Dendritic Cells, Eosinophils, Basophils, Mast Cells and Innate Lymphoid Cells

by Peter Delves, PhD

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    00:01 Let's now turn to dendritic cells.

    00:03 There are two fundamentally different types of cell that are referred to as dendritic cells.

    00:10 Cells that are just called dendritic cells and other cells that are called follicular dendritic cells.

    00:17 And really the only thing that these two cell types have in common is their morphology.

    00:22 They're named because they have long processes that rather resemble nerve dendrites.

    00:28 That's where their name comes from.

    00:30 But apart from their appearance, they really have very little in common.

    00:35 Although, actually they are both involved in showing antigen to lymphocytes.

    00:41 So, they do have that in common.

    00:44 So, what are their differences? Well the dendritic cells-- and if you ever come across the term dendritic cell, this is the cell that is being referred to, are like the vast majority of cells of the immune response derived from hematopoietic stem cells.

    01:00 In contrast, this is pretty much the only cell of the immune response that isn't derived from hematopoietic stem cells; the follicular dendritic cells are derived from mesenchymal stem cells.

    01:13 Dendritic cells are present throughout the body whereas the follicular dendritic cells are pretty much restricted to structures called germinal centers which you find in secondary lymphoid tissues.

    01:28 Dendritic cells are initially phagocytic.

    01:31 When they're present in the tissues they can engulf microorganisms and fragments of microorganisms, whereas follicular dendritic cells are never phagocytic.

    01:42 The dendritic cell possesses on its cell surface as well as many other molecules, MHC class II molecules and a variety of co-stimulatory molecules, particularly the B7 co-stimulatory molecules.

    01:56 Whereas follicular dendritic cells lack MHC class II and lack B7 molecules.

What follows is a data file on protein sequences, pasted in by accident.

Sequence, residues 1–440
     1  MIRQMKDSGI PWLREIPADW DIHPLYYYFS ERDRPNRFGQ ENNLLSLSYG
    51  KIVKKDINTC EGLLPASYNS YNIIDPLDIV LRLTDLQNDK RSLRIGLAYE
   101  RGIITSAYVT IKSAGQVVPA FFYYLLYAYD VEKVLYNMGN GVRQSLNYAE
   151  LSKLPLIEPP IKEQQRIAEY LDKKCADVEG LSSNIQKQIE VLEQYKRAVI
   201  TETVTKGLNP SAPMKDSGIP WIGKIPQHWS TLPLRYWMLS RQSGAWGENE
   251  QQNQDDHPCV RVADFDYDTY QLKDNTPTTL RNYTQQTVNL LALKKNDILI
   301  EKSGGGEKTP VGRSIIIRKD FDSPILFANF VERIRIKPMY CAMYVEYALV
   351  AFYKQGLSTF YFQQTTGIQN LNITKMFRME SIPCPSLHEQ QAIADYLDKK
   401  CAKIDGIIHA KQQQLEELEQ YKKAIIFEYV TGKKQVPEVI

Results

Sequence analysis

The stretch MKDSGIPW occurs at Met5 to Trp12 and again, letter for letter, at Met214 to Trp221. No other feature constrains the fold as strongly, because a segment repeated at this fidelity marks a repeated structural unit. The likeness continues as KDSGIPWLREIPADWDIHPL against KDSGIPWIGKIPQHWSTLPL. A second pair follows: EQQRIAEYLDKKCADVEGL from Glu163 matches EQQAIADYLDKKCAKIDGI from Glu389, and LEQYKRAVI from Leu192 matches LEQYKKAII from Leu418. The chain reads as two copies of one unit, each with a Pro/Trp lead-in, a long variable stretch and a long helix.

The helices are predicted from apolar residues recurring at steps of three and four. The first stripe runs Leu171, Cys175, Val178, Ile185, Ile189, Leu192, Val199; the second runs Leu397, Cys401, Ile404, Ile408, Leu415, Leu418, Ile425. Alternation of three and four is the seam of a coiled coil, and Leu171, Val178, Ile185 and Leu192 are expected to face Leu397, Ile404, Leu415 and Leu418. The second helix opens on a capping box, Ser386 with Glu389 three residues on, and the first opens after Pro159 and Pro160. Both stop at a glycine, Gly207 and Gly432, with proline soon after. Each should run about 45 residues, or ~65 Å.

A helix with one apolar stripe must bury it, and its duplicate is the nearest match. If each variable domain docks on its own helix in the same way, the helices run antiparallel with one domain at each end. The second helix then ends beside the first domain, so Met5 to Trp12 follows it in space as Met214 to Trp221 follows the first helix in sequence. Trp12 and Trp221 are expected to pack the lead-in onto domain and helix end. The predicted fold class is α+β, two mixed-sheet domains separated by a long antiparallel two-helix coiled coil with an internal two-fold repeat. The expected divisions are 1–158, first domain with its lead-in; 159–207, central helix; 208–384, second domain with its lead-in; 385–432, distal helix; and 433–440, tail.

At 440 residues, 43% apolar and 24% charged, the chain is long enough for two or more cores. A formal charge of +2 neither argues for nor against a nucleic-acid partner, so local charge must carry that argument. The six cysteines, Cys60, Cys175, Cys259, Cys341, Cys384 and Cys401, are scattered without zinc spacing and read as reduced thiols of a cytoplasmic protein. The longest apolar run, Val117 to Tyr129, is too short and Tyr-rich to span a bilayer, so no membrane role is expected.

02:04 The dendritic cells can activate helper T-cells.

    02:08 That's really the job of dendritic cells, is to activate helper T-cells, particularly na've helper T-cells that have never encountered antigen before.

    02:17 Seems that for that particular job, activating a na've T-cell, dendritic cells are absolutely obligatory, whereas follicular dendritic cells do not activate helper T-cells, but instead they're specialized to show antigen in its natural native form to B-cells. There are three cell types of the innate response that are particularly specialized for producing inflammatory mediators.

    02:42 Eosinophils which are present both in the blood and in the tissues, and characteristically as well as many, many other molecules they secrete, produce a molecule called major basic protein.

    02:54 And this they release to the immediate environment of the cell.

    02:59 Basophils which are present in the blood and produce histamine, prostaglandins and leukotrienes.

    03:07 And mast cells which are very closely related to basophils are present in mucosal surfaces and in connective tissue, and they also release histamine, prostaglandins and leukotrienes.

    03:22 Turning now to innate lymphoid cells, perhaps the best characterized of several different types of innate lymphoid cell is the Natural Killer cell.

    03:34 And these can induce apoptotic cell death in infected cells using one of two different pathways: the Fas/FasLigand pathway, or alternatively the Granzyme/Perforin pathway.

    03:52 Other types of Innate Lymphoid Cells have functions rather similar to the helper T-cells and regulatory T-cells of the adaptive immune response.

    About the Lecture

    The lecture Dendritic Cells, Eosinophils, Basophils, Mast Cells and Innate Lymphoid Cells by Peter Delves, PhD is from the course Immune System: Overview and Cells. It contains the following chapters:

    • Dendritic Cells
    • Cells to Produce Inflammatory Mediators
    • Innate Lymphoid Cells

    Included Quiz Questions

    1. Major basic protein
    2. Histamine
    3. Prostaglandins
    4. Leukotrienes
    5. Interferon
    1. Specialized to present antigens mainly to B cells
    2. Derived from hematopoietic progenitor cells
    3. Initially phagocytic
    4. Present in tissues in contact with the external environment
    5. Possess MHC class II and costimulatory molecules
    1. Natural killer Cell
    2. Mast cell
    3. Eosinophil
    4. Basophil
    5. Monocyte

    Author of lecture Dendritic Cells, Eosinophils, Basophils, Mast Cells and Innate Lymphoid Cells

     Peter Delves, PhD

    Peter Delves, PhD

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    gggggreat lecturer,precise delivery
    By queen o. on 03. April 2019 for Dendritic Cells, Eosinophils, Basophils, Mast Cells and Innate Lymphoid Cells

    he brings immunology to life in a very clear way with regulated pace that facilitates understanding

    No fumbling here...
    By Mia Y. on 12. April 2018 for Dendritic Cells, Eosinophils, Basophils, Mast Cells and Innate Lymphoid Cells

    This lecturer is very good; delivers at a great pace and you can tell he is very experienced and knows his stuff. No fluffing or stumbling over his words- goes into good detail.